The new generation of fast and low-cost DNA sequencing methods led to a rapid accumulation of genomic data in the DNA databases after the year 2000. Hundreds of bacterial genomes have been sequenced during the last decade, however, in rare cases they were profoundly analyzed. Apparently it is much easier today to generate raw DNA sequencing data rather than to decipher their biological meaning. This study aims to shed light on the relationship between codon usage and gene expression in 158 prokaryotes belonging to the two major classes: Archaea and Bacteria. Archaea includes 2 families (Crenarchaeota and Euryarchaeota) and Bacteria 13 families (Actinobacteria, Aquificae, Bacteroidetes, Chlamydiae, Chlorobi, Cyanobacteria, Deinococcus-Thermus, Firmicutes, Fusobacteria, Planctomycetes, Proteobacteria, Spirochaetes and Thermotogae) and the total number of genera was 9 for Archaea and 22 for Bacteria. In order to study the link between codon usage and gene expression four local DNA databases were created containing respectively: a) all protein coding sequences of each organism; b) highly expressed genes; c) ribosomal proteins genes and d) low expressed genes. These databases were used to compare codon usage patterns of: a) different strains of one bacterial species; b) different subsets of genes in one species and c) different bacterial genomes. They were also employed to identify missing and atypical codons as well as to search for correlation between codon usage and the formal prokaryotic taxonomy. The obtained results indicate that the formal taxonomy of many bacterial species does not fit their codon usage pattern (as predicted by the "Genome Theory"). On the other hand there are obvious similarities in the codon usage pattern of distant (according to the formal taxonomy) organisms. The latter suggests that either the Genome Theory or the official taxonomy of microorganisms need revisions. Taking into consideration that at least two tRNAs occupy the two (A and P) functional ribosomal sites during the translation elongation step, we have also studied the effect of neighbor codons (codon pairs) on gene expression. Aiming to identify preferential and rare codon pairs, we have developed own criteria for determining their frequency of occurrence and for evaluation of their possible effect on translation. This approach was applied to analyze the distribution of all (3904) codon pairs in the Escherichia coli genome and we found that their frequency of occurrence varied from zero to 4913 times. The predicted effect of some (particularly 3'-terminal) codon pairs on gene expression is confirmed experimentally.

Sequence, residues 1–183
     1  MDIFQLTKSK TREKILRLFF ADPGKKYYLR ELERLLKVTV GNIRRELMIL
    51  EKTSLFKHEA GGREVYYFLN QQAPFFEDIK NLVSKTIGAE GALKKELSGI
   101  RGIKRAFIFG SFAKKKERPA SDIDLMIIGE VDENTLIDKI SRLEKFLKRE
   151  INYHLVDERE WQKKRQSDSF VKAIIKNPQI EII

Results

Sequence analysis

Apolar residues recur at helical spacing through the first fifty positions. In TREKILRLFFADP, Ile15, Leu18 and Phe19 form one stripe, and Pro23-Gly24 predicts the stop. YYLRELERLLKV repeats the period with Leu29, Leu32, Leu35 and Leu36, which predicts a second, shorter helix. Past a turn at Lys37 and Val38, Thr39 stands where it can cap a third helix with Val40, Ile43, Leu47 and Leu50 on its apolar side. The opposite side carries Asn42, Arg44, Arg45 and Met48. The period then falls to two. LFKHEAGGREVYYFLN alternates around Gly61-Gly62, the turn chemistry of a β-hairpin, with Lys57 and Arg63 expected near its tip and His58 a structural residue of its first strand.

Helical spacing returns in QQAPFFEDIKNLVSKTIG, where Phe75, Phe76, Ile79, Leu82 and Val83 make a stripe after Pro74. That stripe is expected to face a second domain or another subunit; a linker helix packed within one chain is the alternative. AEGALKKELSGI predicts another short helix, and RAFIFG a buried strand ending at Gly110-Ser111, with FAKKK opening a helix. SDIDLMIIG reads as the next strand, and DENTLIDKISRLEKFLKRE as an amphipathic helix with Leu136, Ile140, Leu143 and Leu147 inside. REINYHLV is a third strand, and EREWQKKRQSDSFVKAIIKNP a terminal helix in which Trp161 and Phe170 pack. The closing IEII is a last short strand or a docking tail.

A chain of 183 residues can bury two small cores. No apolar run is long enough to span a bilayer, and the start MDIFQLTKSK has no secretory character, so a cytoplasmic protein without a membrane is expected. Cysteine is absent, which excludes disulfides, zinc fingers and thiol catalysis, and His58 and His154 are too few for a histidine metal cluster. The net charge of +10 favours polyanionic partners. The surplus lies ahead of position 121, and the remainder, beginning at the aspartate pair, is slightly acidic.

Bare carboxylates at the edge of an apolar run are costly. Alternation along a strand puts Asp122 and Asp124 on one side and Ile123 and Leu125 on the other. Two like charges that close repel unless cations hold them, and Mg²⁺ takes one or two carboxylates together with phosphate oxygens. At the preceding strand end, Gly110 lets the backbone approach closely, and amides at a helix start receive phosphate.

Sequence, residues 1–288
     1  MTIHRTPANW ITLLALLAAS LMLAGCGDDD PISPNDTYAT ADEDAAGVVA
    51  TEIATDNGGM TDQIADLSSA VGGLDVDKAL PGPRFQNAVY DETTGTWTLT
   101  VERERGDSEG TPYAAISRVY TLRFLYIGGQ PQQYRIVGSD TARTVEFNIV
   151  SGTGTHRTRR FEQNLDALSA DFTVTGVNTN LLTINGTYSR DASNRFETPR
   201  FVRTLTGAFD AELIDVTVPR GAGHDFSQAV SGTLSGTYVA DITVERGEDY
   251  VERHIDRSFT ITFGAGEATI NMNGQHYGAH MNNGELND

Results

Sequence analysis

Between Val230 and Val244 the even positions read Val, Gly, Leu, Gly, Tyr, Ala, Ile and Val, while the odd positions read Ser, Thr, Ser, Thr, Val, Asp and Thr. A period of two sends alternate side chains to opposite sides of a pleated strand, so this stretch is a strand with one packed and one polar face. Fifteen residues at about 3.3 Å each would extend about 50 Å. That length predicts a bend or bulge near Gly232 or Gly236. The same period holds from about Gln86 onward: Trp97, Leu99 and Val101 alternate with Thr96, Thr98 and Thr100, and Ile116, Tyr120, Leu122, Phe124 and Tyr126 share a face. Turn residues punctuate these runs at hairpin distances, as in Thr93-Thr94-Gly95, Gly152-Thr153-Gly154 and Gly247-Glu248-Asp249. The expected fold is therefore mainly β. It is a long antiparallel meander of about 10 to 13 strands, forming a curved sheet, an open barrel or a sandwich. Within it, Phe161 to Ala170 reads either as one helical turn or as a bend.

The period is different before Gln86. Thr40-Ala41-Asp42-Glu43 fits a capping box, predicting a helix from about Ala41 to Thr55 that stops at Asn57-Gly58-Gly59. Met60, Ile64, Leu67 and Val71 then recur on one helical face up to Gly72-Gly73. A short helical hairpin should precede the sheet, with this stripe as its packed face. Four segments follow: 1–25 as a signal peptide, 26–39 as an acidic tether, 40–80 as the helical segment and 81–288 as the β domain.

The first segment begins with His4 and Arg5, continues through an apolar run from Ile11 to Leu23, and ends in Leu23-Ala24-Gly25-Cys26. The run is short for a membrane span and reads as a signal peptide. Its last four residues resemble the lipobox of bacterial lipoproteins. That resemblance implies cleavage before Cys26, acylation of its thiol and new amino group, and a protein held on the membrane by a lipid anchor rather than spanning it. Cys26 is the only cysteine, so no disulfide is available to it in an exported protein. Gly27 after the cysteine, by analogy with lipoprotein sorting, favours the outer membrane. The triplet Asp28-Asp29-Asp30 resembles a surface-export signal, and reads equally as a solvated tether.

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Bachvarov, B.I. (Boris I.), Kirilov, K.T. (Kiril T.), Ivanov, I.G. (Ivan G.), & Golshany, A. (2010). Codon and codon pairs usage in bacteria. In Bacterial DNA, DNA Polymerase and DNA Helicases (pp. 3–49).